A rogues’ gallery of SNL and Comedy Central alums puts in appearances, to varying degrees of success. Samantha Bee, Kate McKinnon, Rachel Dratch, and Chris Parnell all suffer from underwritten roles with lame jokes and even worse ad libs. Bobby Moynihan is just plum obnoxiously unfunny as a past-his-prime class clown. The character is supposed to be moronic, but in Moynihan’s hands he is teeth-gratingly so.

Maya Rudolph has a Teflon-like ability to rise above (and rescue) just about any material, and she soars as a suburban doyenne who at first glance seems to be an assured Queen Bee bully but whose inner life is more longstanding adolescent alienation than smug superiority. John Cena continues to surprise with comedic home-runs, after this summer’s Trainwreck, as a stoically cerebral drug dealer with a soft spot for Dirty Dancing. John Leguizamo shows up as a skeezy former high school boyfriend of Fey’s, and, while he is always a welcome presence, his talents seem wasted here. Mad TV‘s Ike Barinholtz gives the movie its sweetness as a bemused potential beau smitten with Poehler’s quirky, self-conscious charms.

The film stumbles toward a resolution that is as forced as it is predictable. Fey’s character has a daughter (a painfully mincing and whiny performance from Madison Davenport) who hates her mother’s arrested development and is forced to couch surf from friend’s house to friend’s house since Fey can’t manage to keep a roof over their heads. The inevitable confrontation of mother and daughter and sister and parents is utterly contrived, borrowing equal bits from an episode of Lassie, Animal House, and The Family Stone.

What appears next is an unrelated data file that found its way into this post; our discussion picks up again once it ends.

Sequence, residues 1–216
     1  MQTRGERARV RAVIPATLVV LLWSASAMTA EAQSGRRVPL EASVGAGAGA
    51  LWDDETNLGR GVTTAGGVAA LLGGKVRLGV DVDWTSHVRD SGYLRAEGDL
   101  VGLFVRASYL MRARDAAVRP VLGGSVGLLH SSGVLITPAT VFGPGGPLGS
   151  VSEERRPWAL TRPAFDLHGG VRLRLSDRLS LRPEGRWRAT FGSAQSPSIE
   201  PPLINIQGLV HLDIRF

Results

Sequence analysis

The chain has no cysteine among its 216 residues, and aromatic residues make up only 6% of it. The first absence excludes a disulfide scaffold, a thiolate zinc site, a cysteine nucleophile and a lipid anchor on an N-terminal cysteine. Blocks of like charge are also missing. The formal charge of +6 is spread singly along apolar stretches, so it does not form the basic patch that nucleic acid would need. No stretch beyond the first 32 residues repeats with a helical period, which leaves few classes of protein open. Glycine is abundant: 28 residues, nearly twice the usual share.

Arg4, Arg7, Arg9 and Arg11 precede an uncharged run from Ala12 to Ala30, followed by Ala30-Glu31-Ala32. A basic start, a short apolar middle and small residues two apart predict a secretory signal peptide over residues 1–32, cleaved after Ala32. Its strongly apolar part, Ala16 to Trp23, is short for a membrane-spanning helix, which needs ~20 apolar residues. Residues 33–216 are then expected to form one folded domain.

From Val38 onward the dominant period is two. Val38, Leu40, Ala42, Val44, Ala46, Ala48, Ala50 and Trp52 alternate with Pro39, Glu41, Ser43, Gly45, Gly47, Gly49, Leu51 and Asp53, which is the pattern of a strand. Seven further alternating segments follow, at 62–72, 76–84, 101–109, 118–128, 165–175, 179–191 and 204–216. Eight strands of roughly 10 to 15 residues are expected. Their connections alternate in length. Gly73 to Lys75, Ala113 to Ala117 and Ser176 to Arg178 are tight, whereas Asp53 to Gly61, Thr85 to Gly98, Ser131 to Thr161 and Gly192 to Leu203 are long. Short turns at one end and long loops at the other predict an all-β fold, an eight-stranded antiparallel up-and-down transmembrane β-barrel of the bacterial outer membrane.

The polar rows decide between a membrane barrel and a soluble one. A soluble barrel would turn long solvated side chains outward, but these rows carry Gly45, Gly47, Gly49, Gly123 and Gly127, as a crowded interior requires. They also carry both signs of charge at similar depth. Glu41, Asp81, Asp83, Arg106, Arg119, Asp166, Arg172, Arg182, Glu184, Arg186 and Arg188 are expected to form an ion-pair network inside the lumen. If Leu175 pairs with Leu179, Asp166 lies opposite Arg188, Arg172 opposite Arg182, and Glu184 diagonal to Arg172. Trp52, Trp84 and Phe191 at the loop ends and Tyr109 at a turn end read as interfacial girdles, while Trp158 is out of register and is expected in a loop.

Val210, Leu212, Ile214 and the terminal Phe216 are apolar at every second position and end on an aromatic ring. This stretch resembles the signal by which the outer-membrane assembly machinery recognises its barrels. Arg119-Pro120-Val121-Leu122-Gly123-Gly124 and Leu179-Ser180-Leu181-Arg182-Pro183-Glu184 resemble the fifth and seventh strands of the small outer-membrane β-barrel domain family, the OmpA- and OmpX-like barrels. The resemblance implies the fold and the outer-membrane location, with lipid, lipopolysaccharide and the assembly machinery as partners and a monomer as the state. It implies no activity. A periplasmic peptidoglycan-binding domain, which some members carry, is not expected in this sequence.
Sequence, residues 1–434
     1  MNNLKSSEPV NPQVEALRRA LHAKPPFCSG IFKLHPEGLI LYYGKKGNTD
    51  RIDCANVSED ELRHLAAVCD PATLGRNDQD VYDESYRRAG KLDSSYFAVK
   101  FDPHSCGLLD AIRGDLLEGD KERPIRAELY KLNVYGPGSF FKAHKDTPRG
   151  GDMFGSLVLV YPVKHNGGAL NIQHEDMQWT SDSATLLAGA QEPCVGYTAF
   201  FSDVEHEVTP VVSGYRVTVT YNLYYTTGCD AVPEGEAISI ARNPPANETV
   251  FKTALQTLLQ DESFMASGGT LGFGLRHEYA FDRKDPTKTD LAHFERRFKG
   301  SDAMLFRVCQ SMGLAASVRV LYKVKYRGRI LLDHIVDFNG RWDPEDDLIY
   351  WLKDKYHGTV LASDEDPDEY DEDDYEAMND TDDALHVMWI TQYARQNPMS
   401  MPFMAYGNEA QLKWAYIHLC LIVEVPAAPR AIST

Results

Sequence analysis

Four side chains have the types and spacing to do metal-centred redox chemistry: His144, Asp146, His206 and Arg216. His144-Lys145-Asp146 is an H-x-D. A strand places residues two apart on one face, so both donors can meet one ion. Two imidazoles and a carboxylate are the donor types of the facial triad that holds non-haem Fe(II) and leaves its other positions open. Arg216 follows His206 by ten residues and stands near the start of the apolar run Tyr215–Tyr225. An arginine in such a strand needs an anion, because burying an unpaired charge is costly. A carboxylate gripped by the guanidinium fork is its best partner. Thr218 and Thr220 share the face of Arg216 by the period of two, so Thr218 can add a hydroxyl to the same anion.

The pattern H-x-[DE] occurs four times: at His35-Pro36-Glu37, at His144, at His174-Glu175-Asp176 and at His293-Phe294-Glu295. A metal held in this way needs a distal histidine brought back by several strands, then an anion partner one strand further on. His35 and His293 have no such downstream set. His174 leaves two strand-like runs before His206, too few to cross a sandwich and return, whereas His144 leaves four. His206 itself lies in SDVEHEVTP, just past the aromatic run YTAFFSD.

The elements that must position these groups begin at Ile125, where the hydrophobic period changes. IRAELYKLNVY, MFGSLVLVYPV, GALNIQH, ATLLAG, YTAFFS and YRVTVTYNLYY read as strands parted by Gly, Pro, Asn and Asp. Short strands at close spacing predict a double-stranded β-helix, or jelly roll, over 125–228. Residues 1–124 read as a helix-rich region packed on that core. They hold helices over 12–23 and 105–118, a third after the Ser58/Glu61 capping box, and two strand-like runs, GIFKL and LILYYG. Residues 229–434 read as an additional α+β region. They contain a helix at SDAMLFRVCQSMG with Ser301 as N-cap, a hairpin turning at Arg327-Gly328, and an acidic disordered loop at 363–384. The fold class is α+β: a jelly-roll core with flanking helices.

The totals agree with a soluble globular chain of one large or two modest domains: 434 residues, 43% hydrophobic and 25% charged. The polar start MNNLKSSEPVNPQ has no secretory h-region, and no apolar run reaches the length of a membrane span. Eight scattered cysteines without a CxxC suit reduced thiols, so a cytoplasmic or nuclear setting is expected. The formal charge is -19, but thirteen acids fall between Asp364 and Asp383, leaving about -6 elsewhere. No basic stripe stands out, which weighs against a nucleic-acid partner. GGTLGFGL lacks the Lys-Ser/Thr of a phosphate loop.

Ultimately, Poehler fares best in the film, bringing poignant bite and rag doll charm to her role. It’s a shame that she and Fey (with director Jason Moore and screenwriter Paula Pell) couldn’t have worked out a better movie to feature Poehler’s character, focusing less on the shock humor and the messily filmed bacchanalia and more on the tricky web of love and fear shared between siblings, sisters trapped by the hollow promises of high school juvenilia – two emotionally stunted Gen X Americans for whom those scruffy, mixed-up four years of public education are the alpha and omega of intellectual and social development.

Image by Lee Gaddis of Gaddis Gaming

Image by Lee Gaddis of Gaddis Gaming

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Reel Roy Reviews is now TWO books! You can purchase your copies by clicking here (print and digital)In addition to online ordering at Amazon or from the publisher Open Books, the first book is currently is being carried by BookboundCommon Language Bookstore, and Crazy Wisdom Bookstore and Tea Room in Ann Arbor, Michigan and by Green Brain Comics in Dearborn, Michigan. My mom Susie Duncan Sexton’s Secrets of an Old Typewriter series is also available on Amazon and at Bookbound and Common Language.